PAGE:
This sauce boat is one of a pair of identical pieces of plate given to the College, as was the practice of gentlemen commoners, by another of Wesley’s pupils, Westley Hall (1711-1776). In 1737 Hall married Wesley’s sister Martha, though he had also proposed to her sister Keziah (for which Charles Wesley called him a “smooth-tongued hypocrite”). In 1743 Wesley accused Hall of being “a weak, injudicious, fickle, irresolute man” when he failed to join them on their expedition to America. Hall then went on to become first a Moravian and later a deist and polygamist. Wesley, however, was convinced that he died repentant, a “monument of divine mercy, considering how low he had fallen.”
The inscription on the sauce boat reads: “D.D. Westley Hall de Civ: Sarum Socio-Commensalis Coll: Linc: 1735.” Like the decanter given by Richard Morgan, the sauce boat is still in use in the Lincoln Senior Common Room and at High Table.
This collection of 134 hymns by John and Charles Wesley was published anonymously in London in 1761 with 2 more editions in Bristol in 1765 and 1766.
The Lincoln copy bears the inscription of 3 former owners: John Fletcher, his wife Mary Fletcher and her companion Mary Tooth. John Fletcher (1729-1785) was a contemporary of Wesley’s and an early Methodist theologian. In 1781 he married Mary Bosanquet (1739-1815), a close friend of Wesley’s and one of the first Methodist women to preach. After Fletcher’s death Mary continued to run the Methodist society in Madeley, one of the few women to fill such a position, until her own death. Mary Tooth (1778-1843) was the last of Mary Bosanquet-Fletcher’s companions and also acted as her executrix. Active in Methodist affairs, she continued to preach until her death in November, 1843.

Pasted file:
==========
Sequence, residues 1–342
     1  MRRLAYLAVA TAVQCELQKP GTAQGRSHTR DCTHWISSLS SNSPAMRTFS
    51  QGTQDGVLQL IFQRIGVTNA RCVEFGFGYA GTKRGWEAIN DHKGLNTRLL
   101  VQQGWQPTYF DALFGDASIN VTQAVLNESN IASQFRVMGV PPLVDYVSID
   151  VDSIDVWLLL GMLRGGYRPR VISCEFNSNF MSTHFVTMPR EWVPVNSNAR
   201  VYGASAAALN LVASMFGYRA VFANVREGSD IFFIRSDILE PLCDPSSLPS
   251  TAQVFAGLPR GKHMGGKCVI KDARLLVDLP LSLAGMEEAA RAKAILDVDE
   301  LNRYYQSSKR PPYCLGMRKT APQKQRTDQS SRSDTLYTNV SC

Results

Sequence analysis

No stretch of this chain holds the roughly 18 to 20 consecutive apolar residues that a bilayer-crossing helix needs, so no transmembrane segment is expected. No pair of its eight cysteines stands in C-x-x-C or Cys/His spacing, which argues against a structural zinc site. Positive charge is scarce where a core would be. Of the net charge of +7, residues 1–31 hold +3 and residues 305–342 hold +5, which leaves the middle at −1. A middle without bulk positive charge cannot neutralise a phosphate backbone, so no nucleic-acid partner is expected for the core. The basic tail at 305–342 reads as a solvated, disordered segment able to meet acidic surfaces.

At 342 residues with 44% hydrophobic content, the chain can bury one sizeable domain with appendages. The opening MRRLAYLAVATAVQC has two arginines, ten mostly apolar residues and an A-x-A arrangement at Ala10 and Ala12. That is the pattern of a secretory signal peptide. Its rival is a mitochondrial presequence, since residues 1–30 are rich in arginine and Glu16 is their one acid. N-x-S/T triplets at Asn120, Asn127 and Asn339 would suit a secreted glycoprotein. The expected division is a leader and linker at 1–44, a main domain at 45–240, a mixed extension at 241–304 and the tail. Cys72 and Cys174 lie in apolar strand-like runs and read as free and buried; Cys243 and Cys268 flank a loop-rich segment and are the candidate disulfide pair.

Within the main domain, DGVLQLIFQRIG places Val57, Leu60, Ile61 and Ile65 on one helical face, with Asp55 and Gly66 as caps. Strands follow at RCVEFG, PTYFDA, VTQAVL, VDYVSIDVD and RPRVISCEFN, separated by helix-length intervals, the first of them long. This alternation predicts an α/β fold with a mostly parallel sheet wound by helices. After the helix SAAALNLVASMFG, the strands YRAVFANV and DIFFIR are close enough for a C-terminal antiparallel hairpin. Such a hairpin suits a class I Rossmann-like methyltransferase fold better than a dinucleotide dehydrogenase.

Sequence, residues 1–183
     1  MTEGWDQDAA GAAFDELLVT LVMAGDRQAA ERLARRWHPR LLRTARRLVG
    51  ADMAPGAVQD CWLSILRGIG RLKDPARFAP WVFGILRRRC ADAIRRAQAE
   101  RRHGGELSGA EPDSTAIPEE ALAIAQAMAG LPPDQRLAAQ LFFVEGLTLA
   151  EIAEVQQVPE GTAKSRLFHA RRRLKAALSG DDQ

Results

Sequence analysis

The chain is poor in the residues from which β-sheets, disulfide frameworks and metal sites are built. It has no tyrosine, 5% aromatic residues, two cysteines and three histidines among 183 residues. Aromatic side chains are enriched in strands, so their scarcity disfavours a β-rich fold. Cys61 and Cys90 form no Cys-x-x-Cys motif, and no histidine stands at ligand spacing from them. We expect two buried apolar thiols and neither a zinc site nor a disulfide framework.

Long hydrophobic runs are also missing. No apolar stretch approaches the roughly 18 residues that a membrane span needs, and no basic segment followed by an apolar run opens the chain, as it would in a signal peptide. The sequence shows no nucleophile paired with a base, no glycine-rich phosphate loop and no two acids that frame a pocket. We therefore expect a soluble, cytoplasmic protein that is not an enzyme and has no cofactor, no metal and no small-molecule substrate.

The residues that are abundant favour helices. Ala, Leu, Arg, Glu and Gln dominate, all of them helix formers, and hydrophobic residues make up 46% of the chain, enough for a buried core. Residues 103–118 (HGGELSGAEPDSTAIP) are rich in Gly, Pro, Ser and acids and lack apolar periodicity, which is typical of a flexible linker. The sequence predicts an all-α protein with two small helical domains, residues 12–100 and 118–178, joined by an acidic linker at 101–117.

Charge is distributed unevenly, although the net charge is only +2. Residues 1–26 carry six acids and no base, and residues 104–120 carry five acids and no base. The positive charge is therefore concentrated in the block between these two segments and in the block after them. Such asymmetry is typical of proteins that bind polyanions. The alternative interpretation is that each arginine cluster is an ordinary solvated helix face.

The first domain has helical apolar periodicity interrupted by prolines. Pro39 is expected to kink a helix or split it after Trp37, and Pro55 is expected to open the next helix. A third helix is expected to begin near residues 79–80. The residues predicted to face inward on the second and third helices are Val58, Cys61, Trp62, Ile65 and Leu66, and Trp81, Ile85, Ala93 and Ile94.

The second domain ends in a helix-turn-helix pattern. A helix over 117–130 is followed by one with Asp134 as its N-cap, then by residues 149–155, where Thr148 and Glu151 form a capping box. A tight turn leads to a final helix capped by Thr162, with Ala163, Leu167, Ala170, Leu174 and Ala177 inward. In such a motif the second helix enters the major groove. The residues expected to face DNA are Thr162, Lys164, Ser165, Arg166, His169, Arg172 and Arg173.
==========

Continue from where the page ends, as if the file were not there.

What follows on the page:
The Lincoln copy of the Hymns was evidently a much-used book: it is worn, roughly repaired and, most interestingly, annotated throughout (possibly in the hand of Mary Bosanquet-Fletcher). Many of the hymns, in the printed text simply numbered, bear a manuscript heading summing up the substance of the verses, for example “Longing to live & die in God” (XXXVIII) and “Rejoicing in hope of bearing the weight of divine Love” (CXXVIII).
This volume formed part of the collection of Wesleyana belonging to the Rev. Albert F. Hall that was given to the College by his widow in 1952.
For the SOLO record for this book click here.
Image: Hymns for those to whom Christ is all in all (London, 1761)
One of the duties of a College Fellow was to preach sermons, a duty Wesley undertook with seriousness and a certain amount of controversy. This sermon on Job, Chapter vii, verse 7 (“There the wicked cease from troubling, and there the weary be at rest”) was the first of Wesley’s sermons to be published. It raises many topics familiar from Wesley’s sermons, exhorting his listeners finally to “lay aside very weight, and run with patience the race set before him? To count all things else but dung and dross; especially those grand idols, learning and reputation, if they are pursued in any other measure, or with any other view, than as they conduce to the knowledge and love of God.”